Then last August, Grace was forced to withdraw midway through the Barracuda Championship after testing positive for coronavirus. He was tied for second at the time and also missed the PGA Championship at TPC Harding Park in San Francisco the following week as a result of the required 10-day quarantine.
Grace returned the week after the PGA, but things took a worse turn when his father contracted coronavirus late last year. More than a third of all cases in Africa have been in South Africa, and at the time, the country had yet to begin a vaccination program. One of the mutations of the virus also originated in the country, and there have been almost 50,000 deaths there since the start of the pandemic.
On Jan. 21, Grace shared the news on Twitter that his father had passed away, saying, in part, “Words cannot describe the loss and heartache we feel. He was a rock in my life and career and I am going to miss him dearly.”
Sunday, his late father couldn’t escape Grace’s thoughts again.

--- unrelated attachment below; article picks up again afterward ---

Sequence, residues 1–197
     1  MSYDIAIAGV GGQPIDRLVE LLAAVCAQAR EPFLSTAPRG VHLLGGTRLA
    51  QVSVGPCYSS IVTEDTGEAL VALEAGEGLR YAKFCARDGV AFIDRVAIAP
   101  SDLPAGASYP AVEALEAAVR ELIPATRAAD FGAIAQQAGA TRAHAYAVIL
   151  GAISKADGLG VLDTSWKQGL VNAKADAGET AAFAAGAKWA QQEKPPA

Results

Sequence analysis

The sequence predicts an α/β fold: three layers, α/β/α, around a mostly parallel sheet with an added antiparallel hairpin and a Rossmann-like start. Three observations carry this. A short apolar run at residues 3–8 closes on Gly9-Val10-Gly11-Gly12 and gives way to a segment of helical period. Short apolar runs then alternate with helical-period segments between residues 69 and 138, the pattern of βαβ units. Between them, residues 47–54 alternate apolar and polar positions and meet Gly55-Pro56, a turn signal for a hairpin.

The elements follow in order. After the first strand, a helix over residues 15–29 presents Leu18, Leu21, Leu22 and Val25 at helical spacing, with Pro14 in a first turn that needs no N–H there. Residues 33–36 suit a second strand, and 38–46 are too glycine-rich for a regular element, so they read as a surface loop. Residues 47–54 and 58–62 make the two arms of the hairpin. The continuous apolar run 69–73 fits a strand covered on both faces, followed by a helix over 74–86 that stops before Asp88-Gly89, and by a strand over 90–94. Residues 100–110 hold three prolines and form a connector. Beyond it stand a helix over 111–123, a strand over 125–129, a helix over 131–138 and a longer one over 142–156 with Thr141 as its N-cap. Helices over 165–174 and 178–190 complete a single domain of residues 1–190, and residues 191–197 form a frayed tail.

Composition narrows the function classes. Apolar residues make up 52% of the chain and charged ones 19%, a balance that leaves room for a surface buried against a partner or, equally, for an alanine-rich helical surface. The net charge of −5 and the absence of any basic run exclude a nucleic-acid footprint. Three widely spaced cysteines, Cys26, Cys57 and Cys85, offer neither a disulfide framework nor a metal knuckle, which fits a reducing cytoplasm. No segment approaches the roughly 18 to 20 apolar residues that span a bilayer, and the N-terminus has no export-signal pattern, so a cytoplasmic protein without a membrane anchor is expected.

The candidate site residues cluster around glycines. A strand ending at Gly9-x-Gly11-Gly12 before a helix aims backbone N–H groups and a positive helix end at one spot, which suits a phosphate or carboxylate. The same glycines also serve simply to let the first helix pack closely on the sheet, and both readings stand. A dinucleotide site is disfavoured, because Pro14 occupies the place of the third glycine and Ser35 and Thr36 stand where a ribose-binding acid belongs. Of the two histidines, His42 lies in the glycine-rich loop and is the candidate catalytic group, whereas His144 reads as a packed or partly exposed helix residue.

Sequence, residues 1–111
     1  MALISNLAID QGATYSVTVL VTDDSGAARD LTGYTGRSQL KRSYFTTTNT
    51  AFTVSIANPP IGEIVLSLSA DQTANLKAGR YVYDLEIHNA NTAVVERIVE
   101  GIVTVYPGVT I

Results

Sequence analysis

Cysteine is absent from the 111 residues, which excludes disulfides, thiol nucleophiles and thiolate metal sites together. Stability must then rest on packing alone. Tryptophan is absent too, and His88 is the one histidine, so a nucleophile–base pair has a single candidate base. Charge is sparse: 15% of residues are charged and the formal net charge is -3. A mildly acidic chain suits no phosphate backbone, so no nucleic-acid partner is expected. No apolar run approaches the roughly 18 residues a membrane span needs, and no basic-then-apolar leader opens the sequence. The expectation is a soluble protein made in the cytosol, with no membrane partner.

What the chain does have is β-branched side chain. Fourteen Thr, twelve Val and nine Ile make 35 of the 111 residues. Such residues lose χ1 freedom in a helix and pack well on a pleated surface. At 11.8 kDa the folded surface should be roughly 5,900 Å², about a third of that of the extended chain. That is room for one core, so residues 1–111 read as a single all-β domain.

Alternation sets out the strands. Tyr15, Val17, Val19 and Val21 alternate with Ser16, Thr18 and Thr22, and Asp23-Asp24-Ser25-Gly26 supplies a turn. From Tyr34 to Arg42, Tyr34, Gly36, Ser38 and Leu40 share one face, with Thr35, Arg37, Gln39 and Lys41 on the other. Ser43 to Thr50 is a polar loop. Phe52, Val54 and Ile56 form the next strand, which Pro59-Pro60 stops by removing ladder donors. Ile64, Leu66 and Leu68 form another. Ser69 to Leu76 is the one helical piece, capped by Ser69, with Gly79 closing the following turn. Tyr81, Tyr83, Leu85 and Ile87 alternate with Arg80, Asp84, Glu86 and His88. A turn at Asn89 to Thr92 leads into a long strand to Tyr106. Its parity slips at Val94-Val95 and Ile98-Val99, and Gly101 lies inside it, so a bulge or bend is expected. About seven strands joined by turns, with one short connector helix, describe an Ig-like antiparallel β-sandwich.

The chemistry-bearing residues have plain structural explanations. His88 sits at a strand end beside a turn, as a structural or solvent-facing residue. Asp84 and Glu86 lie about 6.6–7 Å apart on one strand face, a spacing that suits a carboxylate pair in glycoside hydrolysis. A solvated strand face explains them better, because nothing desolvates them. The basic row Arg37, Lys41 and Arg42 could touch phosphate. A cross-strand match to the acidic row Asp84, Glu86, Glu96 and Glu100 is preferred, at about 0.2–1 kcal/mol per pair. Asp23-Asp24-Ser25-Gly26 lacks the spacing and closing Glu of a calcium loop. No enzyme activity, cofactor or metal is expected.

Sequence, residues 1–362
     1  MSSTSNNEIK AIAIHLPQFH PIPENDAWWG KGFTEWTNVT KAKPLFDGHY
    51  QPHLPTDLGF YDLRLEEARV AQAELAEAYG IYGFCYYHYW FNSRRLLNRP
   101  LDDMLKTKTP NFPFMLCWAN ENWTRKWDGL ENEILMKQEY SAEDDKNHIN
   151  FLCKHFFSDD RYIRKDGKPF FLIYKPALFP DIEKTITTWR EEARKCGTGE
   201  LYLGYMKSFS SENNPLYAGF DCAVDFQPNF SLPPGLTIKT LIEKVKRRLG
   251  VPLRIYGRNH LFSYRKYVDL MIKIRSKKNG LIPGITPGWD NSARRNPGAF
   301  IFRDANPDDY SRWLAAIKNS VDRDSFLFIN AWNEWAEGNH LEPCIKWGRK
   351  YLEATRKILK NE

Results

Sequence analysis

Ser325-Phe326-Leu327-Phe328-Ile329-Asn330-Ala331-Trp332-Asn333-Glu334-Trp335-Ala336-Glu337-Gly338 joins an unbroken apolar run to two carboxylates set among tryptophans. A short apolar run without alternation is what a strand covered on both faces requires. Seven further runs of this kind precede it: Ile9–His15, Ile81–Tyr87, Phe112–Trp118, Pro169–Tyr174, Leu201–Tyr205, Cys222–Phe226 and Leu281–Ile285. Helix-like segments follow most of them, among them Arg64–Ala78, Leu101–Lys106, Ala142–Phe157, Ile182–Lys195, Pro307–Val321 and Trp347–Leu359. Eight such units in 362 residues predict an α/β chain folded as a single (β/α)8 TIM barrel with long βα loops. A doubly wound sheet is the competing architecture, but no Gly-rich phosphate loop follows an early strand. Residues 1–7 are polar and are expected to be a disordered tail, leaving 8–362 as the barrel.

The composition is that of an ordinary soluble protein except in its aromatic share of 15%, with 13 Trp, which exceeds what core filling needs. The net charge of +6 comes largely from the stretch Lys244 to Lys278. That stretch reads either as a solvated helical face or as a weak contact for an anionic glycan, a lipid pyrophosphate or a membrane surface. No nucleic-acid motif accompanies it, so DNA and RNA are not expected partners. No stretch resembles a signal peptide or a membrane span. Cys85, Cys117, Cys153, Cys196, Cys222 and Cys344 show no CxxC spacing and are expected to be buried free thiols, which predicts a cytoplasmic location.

“My wife told me this morning, he’s with me every shot of the way,” Branden said. “Every step of the way and every swing of the way, he is going to be looking at me.”
Dad would have been mighty proud of the championship fashion in which Grace finished, hitting 13 of 14 fairways and 17 of 18 greens in regulation in windy conditions. The victory got Grace into this week’s Arnold Palmer Invitational, next month’s Players Championship, the PGA Championship and Memorial Tournament in May, the 2022 Sentry Tournament of Champions and secured his PGA Tour card through the 2022-23 season.
“My father gave me my first golf club,” said Grace, who vaulted from 147th to 83rd in the Official World Golf Rankings. “He has been there through thick and thin. He’s the one that pushed me to get a dream and to be a part of the dream and actually for me to give me the chance to make something of my dream.”
After several difficult weeks of grieving, Branden fulfilled his dream again and earned some peace while honoring his father with his version of Amazing Grace.